First Month Experience in Pandemic Restricted Greece

By David Brown

My experience so far has been delightful and productive. Coming here on a three-month study grant to collect data and finish of my research masters has proven to be successful. Despite the turmoil at the beginning of the calendar year when I was first applying for this grant to come to Greece for my research masters, I can say that I am glad to be here studying and working away.

My research master’s thesis uses   geometric morphometrics on the bronze swords of the Shaft Graves at Mycenae, in an attempt to update and clarify the current 90 years old typology on these swords. After co-ordinating with the National Archaeological Museum, during the first Monday and Tuesday I was able to take scaled photographs of 48 of the swords housed at the museum for my analysis. There were 28 Type A and 20 Type B swords. This process went very smoothly and progressed at a rate that both me and the museum staff were surprised at the rate that we managed to achieve this task. The staff did look after me very well and were very kind and friendly. Hopefully in the future I will be able to work with them again on a PhD or other project.

Now, Athens.  This is a city that is still lovely and vibrant despite Covid19 and the restrictions that exist around the world. Here in Greece I feel safer than I did back in the Netherlands. People are following the rules, masks are being worn in and out of buildings, as well as their being regular cleaning of handrails, stairs, public transport, streets etc. Here I feel comfortable to travel around on public transport, using the buses or the metro. Even running here has not been a problem, although running at night with the hot temperature has produced a rather good work out.

The NIA itself has also been better than I expected in terms of my feeling safe.  There is regular cleaning here as well. I feel relaxed and clam despite the overall situation of Covid19.  I am enjoying my experience here, such as studying in the library or in my room, relaxing in the common area and even cooking. With the supermarket around the corner, I have been cooking regularly for myself. Although I do wish there were an oven here, but that might just be the British thing in me wanting to cook roasts, hunter chicken and good old oven fries.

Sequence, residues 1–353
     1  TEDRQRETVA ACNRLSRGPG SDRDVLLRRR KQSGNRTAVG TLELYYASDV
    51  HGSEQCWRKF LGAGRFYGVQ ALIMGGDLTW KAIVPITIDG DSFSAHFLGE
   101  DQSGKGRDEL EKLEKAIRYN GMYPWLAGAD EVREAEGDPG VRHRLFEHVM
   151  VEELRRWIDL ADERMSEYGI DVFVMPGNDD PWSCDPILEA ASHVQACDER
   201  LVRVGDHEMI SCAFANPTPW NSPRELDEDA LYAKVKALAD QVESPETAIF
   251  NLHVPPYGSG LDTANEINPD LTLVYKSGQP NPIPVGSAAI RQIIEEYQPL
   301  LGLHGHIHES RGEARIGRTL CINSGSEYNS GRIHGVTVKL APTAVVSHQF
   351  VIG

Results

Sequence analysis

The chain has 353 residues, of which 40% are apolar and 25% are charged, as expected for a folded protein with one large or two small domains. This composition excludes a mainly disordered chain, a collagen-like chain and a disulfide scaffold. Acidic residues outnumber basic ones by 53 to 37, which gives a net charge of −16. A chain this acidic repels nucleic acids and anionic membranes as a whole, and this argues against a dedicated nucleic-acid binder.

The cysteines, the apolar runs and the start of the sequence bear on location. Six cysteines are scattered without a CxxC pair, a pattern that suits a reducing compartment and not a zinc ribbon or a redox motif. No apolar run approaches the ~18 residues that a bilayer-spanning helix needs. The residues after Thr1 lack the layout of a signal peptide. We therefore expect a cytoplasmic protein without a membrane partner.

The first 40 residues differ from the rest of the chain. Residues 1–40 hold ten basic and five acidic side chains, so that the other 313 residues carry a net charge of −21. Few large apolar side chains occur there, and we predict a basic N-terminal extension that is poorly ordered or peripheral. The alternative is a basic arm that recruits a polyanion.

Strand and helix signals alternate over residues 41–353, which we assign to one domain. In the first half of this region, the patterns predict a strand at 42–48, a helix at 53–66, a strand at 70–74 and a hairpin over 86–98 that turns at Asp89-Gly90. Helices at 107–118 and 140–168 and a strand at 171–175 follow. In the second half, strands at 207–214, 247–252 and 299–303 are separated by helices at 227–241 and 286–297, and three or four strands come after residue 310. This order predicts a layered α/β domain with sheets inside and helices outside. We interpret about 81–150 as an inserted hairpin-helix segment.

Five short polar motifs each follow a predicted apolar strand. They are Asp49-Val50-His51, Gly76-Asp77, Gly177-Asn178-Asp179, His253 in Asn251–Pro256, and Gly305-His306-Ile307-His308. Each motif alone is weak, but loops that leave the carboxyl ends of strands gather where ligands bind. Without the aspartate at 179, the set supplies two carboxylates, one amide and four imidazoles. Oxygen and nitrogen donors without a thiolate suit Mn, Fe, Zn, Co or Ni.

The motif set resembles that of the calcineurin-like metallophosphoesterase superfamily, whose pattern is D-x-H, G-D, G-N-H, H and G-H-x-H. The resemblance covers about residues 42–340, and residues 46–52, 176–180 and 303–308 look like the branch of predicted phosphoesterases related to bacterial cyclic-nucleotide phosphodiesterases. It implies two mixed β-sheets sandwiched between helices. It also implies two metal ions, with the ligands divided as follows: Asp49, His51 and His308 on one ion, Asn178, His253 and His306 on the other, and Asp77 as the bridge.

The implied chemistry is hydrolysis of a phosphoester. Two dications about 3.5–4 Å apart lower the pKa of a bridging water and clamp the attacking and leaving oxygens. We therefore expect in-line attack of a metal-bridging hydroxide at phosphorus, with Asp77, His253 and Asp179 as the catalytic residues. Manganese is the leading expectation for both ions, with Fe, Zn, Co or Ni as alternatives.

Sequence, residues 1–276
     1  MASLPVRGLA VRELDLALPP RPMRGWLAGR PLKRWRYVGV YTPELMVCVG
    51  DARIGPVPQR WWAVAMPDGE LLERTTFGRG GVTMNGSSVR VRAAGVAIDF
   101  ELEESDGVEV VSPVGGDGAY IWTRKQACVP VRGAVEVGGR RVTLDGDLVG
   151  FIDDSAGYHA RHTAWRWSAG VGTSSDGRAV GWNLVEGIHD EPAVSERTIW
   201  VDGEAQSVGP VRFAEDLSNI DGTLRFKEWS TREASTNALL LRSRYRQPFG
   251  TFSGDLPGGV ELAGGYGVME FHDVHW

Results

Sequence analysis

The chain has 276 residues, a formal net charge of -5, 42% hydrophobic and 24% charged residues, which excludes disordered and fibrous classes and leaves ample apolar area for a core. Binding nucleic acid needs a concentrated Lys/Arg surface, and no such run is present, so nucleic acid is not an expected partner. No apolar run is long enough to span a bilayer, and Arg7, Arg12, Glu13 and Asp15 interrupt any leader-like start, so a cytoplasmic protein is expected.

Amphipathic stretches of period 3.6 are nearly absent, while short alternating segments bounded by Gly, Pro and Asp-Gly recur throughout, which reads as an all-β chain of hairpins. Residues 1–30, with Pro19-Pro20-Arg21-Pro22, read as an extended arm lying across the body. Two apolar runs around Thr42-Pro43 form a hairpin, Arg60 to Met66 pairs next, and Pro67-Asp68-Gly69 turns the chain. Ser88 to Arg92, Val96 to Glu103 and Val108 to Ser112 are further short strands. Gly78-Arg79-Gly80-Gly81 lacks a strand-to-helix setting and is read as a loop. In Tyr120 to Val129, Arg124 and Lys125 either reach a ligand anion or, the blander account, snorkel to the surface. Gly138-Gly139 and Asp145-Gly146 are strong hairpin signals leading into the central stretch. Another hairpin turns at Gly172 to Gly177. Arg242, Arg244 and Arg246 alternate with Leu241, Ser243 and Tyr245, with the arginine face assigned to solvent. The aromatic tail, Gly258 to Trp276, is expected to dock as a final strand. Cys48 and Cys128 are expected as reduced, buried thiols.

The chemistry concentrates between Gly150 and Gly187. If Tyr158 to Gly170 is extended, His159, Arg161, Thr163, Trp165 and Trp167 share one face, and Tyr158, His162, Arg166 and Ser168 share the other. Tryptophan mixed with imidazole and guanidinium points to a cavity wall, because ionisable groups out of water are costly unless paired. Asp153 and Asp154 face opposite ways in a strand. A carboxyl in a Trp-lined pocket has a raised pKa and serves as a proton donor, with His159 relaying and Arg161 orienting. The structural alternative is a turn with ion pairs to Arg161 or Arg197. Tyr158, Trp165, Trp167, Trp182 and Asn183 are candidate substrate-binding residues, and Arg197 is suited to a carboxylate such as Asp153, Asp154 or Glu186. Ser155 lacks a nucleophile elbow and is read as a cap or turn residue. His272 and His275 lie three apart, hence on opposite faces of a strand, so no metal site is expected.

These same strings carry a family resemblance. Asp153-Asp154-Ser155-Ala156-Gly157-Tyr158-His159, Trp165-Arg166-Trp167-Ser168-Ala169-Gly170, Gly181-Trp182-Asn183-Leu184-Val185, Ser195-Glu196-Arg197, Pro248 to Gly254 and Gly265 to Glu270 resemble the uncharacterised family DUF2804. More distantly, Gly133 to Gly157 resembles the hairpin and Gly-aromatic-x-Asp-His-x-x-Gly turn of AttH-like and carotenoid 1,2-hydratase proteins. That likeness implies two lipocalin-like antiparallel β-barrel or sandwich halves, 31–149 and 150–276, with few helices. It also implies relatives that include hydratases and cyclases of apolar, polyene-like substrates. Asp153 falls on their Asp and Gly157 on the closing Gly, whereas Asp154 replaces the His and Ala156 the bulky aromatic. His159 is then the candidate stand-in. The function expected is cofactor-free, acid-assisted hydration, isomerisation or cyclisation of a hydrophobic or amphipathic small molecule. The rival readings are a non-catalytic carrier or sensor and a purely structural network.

It can be lonely here at times, but the staff at the NIA are very friendly and willing to talk, so I do not feel as alone as I could be. I am in regular contact with my family, my partner as well as my friends. I have also joined up with a local rugby team here (Yes even in Greece rugby is still played). They are a very welcoming and friendly bunch that have so far welcomed me with open arms. Subsequently as I stay here longer and longer, I am sure I will be involved in activities involving them.

So, all in all, my expectations when coming here, was that it would difficult because of lockdown, with limited travel outside the NIA and National Archaeological Museum. Yet this is not the case, with the following of the rules by the people, and a pro-active government in implementing the rules. This appear to have allowed a safer feeling in traveling than I did in the Netherlands. Plus, with the progress on my Research Masters, what more could you ask for

David Brown, Research Masters at the University of Groningen.

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